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KEY POINTS Injury to Trachea and Bronchi

  • Direct laryngoscopy, video laryngoscopy, bronchoscopic-guided intubation, and a surgical airway are all methods to establish a secure airway in a patient with a tracheal injury.

  • The classic presentation of a distal tracheal or proximal bronchial injury is a large pneumothorax and a significant air leak and/or persistent pneumothorax following insertion of a thoracostomy tube.

  • The distal half of the trachea, the right mainstem bronchus, and the proximal left mainstem bronchus are best approached through a right posterolateral thoracotomy.

  • During repair of a mainstem bronchus, a single-lumen endotracheal tube in the contralateral mainstem bronchus allows for ventilation and an easier repair.

  • Tracheal repair is accomplished with interrupted absorbable sutures.

Injury to Esophagus
  • The accuracy of combining a contrast esophagram and esophagoscopy approaches 100%.

  • As opposed to the trachea, the blood supply to the esophagus courses longitudinally in the submucosa, allowing for full mobilization.

  • The extent of the mucosal defect is exposed by incising the muscular layer until both ends of the mucosal tear are visualized.

  • A tension-free esophageal repair is performed in two layers, with absorbable sutures on the mucosa and permanent interrupted sutures on the muscular layer.

  • A vascularized intercostal muscle pedicle is ideal to buttress a repair of the thoracic esophagus.


Thoracic trauma can result in a variety of clinical entities that demand thoughtful management in order to achieve optimal outcome. The bony thorax, major vascular structures, esophagus, trachea, and lung are all vital structures at risk following injury to the chest. Even potential spaces between these structures can manifest serious acute pathologies, such as a pneumothorax or hemothorax, that require knowledge of both emergent and less acute management considerations. In an effort to optimally address each of these traumatic pathologies most effectively, the editors of Trauma have thoughtfully distributed their discussion across several chapters constructed by experts. The focus of this chapter will be injuries specifically to the trachea, bronchi, and esophagus. The other aforementioned entities, including the thoracic wall, pneumothorax, and hemothorax, are discussed elsewhere (see Chapter 28).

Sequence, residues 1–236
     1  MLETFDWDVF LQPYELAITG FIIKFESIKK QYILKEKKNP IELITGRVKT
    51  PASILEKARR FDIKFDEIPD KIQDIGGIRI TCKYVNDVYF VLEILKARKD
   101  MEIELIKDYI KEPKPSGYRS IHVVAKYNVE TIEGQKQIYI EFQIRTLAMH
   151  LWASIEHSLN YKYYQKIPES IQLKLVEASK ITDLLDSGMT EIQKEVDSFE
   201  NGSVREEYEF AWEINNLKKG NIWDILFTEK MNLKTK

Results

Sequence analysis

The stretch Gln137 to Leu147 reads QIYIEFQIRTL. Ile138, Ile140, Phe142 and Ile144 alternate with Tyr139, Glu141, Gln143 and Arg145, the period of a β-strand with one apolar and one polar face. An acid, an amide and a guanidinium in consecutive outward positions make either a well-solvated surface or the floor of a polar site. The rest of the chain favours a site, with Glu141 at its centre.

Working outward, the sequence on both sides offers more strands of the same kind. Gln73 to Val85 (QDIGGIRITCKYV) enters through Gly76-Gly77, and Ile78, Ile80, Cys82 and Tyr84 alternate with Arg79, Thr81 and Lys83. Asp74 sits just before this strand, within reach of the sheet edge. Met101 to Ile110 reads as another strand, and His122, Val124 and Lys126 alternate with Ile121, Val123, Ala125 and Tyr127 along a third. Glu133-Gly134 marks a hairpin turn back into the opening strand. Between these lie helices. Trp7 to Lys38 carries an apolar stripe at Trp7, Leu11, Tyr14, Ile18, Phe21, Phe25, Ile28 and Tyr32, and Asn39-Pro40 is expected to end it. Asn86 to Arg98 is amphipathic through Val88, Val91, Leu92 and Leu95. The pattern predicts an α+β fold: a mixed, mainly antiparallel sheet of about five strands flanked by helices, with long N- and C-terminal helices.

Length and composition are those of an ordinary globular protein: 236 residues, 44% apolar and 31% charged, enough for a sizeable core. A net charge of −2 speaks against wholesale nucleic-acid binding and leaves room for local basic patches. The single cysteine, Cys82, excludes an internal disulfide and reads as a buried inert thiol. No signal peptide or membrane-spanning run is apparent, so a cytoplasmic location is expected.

Tracheobronchial injuries are infrequent but potentially life threatening. The incidence of blunt and penetrating injury is 0.4% and 4.5%, respectively.1 Although these injuries occur more commonly in the cervical trachea and may be the result of either mechanism, thoracic tracheobronchial trauma generally is related to blunt injuries from high-speed motor vehicle crashes.2-6 Most penetrating injuries to the cervical trachea, although straightforward to repair, may be associated with significant injuries to blood vessels, esophagus, and thoracic duct.7

Presentation and Evaluation

Cervical tracheal injuries are often obvious on physical examination.8 A large volume of subcutaneous air and/or air exiting from the missile tract may be observed. Patients often present in respiratory distress requiring urgent airway control. Direct laryngoscopy, ...

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